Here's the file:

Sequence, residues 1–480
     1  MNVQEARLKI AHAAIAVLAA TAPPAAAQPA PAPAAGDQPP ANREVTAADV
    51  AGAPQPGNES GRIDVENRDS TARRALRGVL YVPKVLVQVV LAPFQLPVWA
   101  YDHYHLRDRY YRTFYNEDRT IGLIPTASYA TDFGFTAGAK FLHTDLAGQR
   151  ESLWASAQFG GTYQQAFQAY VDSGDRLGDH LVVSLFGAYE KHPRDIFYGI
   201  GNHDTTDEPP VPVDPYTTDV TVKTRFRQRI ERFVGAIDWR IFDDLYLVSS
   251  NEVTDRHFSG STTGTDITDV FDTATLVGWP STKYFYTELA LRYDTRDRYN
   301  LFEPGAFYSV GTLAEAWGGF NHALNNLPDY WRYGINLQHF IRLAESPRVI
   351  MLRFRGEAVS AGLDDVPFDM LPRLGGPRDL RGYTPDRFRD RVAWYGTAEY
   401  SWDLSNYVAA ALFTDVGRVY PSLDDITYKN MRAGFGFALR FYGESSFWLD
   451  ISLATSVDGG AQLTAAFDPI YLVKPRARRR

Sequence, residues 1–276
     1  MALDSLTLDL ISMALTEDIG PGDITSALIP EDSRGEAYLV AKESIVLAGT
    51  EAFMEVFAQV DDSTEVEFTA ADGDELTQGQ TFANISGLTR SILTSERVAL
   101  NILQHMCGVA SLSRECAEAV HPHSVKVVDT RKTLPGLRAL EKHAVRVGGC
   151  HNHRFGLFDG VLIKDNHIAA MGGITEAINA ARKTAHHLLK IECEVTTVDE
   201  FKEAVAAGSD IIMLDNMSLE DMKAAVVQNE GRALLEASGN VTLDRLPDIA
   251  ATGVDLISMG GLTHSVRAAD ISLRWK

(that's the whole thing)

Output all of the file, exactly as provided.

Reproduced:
Sequence, residues 1–480
     1  MNVQEARLKI AHAAIAVLAA TAPPAAAQPA PAPAAGDQPP ANREVTAADV
    51  AGAPQPGNES GRIDVENRDS TARRALRGVL YVPKVLVQVV LAPFQLPVWA
   101  YDHYHLRDRY YRTFYNEDRT IGLIPTASYA TDFGFTAGAK FLHTDLAGQR
   151  ESLWASAQFG GTYQQAFQAY VDSGDRLGDH LVVSLFGAYE KHPRDIFYGI
   201  GNHDTTDEPP VPVDPYTTDV TVKTRFRQRI ERFVGAIDWR IFDDLYLVSS
   251  NEVTDRHFSG STTGTDITDV FDTATLVGWP STKYFYTELA LRYDTRDRYN
   301  LFEPGAFYSV GTLAEAWGGF NHALNNLPDY WRYGINLQHF IRLAESPRVI
   351  MLRFRGEAVS AGLDDVPFDM LPRLGGPRDL RGYTPDRFRD RVAWYGTAEY
   401  SWDLSNYVAA ALFTDVGRVY PSLDDITYKN MRAGFGFALR FYGESSFWLD
   451  ISLATSVDGG AQLTAAFDPI YLVKPRARRR

Sequence, residues 1–276
     1  MALDSLTLDL ISMALTEDIG PGDITSALIP EDSRGEAYLV AKESIVLAGT
    51  EAFMEVFAQV DDSTEVEFTA ADGDELTQGQ TFANISGLTR SILTSERVAL
   101  NILQHMCGVA SLSRECAEAV HPHSVKVVDT RKTLPGLRAL EKHAVRVGGC
   151  HNHRFGLFDG VLIKDNHIAA MGGITEAINA ARKTAHHLLK IECEVTTVDE
   201  FKEAVAAGSD IIMLDNMSLE DMKAAVVQNE GRALLEASGN VTLDRLPDIA
   251  ATGVDLISMG GLTHSVRAAD ISLRWK